At a time when President Donald Trump is signaling an American withdrawal from a leadership role in global affairs, Chinese President XI Jinping is increasingly willing to pick up the slack. The Chinese state media, in recent days, has been stressing what it characterizes as a major shift in Beijing's posture toward the rest of the world.
Recently, speaking at the World Economic Forum in Davos, Switzerland, Xi mounted a strong defense of global trade at the same time that the Trump administration was promising to withdraw from a major trade deal among Pacific nations that notably excluded China.
The Davos speech was one of a number of times when Xi has asserted the desire for China to play a part in shaping the order of world where economic and other ties between nations are less regional and more global. But in recent remarks delivered at a national security seminar in Beijing, he went further, telling attendees that China needs to step in to "guide" the development of a new world order, taking the place of the U.S.
"The United States may no longer want to be a provider of global security and public goods, instead, pursuing unilateralism and even nationalist foreign policy," he said, according to a state-run news website.
The Xinhua state news organization quoted Xi saying, "The overall direction of multi-polarization of the world, the globalization of the economy and the democratization of international relations has not changed ... No matter how the international situation changes, we must maintain our strategic steadiness, strategic confidence, and strategic patience."
Further paraphrasing the president's remarks, Xinhua wrote, "He called for global vision in national security work, coordinating development and security, combining principles with tactics, and taking the strategic initiative in China's own hand."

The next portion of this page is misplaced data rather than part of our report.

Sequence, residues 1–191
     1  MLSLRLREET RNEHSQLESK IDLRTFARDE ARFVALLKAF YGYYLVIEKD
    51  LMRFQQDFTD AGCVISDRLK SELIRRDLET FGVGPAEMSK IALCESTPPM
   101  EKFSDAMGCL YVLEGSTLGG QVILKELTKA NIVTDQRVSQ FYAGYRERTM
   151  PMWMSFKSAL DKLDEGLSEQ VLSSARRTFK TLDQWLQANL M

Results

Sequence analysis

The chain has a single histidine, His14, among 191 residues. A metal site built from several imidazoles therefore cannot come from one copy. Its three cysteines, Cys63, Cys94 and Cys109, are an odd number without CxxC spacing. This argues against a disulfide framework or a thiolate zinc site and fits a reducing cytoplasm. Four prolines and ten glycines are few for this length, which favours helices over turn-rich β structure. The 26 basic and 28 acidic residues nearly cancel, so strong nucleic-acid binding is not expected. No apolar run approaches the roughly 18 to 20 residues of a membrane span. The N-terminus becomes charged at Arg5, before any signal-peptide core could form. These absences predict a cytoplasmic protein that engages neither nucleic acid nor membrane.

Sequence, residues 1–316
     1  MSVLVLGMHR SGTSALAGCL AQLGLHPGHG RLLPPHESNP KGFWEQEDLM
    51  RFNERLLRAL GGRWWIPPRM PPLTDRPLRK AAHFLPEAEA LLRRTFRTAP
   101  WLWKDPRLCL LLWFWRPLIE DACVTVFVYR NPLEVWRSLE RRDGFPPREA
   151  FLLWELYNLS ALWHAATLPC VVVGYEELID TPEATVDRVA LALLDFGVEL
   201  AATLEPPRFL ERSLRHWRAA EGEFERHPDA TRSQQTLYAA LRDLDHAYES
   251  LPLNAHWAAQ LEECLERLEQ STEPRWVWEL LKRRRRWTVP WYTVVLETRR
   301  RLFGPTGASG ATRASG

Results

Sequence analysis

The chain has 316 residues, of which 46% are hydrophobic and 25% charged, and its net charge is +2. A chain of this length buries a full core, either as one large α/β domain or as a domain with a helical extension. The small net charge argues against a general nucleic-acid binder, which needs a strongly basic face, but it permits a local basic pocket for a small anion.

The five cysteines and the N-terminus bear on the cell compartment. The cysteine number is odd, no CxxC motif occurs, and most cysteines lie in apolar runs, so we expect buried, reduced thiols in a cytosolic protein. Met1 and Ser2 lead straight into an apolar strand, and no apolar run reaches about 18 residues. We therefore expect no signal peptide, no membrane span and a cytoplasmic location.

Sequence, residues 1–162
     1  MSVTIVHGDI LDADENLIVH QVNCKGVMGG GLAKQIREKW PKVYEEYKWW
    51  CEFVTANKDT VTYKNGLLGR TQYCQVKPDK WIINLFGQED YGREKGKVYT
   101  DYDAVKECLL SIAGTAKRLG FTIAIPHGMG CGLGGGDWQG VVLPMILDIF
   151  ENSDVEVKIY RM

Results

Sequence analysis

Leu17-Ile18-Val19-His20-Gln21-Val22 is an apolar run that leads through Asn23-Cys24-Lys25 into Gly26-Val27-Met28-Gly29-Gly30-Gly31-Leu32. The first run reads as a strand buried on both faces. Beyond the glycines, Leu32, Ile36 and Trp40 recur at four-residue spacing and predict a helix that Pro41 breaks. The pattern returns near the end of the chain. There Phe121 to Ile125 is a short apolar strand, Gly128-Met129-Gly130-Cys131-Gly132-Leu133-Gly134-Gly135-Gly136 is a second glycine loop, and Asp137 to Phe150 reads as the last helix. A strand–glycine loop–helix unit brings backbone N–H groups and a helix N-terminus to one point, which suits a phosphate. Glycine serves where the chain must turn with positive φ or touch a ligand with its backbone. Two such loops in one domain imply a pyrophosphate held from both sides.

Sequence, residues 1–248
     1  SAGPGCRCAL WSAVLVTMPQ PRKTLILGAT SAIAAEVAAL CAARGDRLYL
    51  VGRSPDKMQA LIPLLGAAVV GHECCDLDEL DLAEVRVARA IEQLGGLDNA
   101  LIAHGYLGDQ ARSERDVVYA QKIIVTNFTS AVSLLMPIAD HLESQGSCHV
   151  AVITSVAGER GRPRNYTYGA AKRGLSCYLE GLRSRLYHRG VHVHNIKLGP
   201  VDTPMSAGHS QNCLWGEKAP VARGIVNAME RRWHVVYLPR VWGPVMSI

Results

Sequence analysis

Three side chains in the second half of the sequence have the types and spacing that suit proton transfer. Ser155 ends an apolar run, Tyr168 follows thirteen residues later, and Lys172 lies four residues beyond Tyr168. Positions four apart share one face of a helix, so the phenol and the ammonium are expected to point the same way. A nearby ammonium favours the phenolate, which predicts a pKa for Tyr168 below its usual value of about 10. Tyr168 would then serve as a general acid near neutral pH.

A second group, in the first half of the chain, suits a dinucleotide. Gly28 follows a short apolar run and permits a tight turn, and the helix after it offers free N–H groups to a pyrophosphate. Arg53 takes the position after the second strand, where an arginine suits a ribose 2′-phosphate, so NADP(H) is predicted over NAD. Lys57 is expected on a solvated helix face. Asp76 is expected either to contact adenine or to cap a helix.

The new posture of the Chinese government, which state media refers to as a "Two Guides" policy stressing international security as well as a restructuring of the world order, appears to be something that Beijing wants to broadcast widely, as it has appeared in various state-controlled forums.
The speech came a week after Xi spoke with President Trump on the telephone. In the conversation, Trump seemed to reverse course on a break with the standard U.S. "one China" policy — Washington does not formally recognize the government of Taiwan, which China views as a breakaway republic.
Trump had appeared to signal a change in stance by taking a phone call from Taiwan President Tsai Ing-wen in December while he was still president-elect. According to a White House readout of Trump's call with Xi, "The two leaders discussed numerous topics and President Trump agreed, at the request of President Xi, to honor our 'one China' policy."
At the same time that Xi is calling for a greater Chinese role in global security matters, Beijing is ramping up its militarization of the South China Sea, a move that will undoubtedly be seen as yet another test by global adversaries of the new president.